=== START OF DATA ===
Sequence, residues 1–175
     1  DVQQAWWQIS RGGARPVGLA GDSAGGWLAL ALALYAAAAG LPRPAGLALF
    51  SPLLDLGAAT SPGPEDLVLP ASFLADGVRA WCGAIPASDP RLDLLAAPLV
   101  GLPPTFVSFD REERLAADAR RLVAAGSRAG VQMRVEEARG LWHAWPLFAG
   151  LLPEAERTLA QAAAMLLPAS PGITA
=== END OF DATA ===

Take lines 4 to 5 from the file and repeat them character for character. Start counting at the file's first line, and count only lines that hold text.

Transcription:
   101  GLPPTFVSFD REERLAADAR RLVAAGSRAG VQMRVEEARG LWHAWPLFAG
   151  LLPEAERTLA QAAAMLLPAS PGITA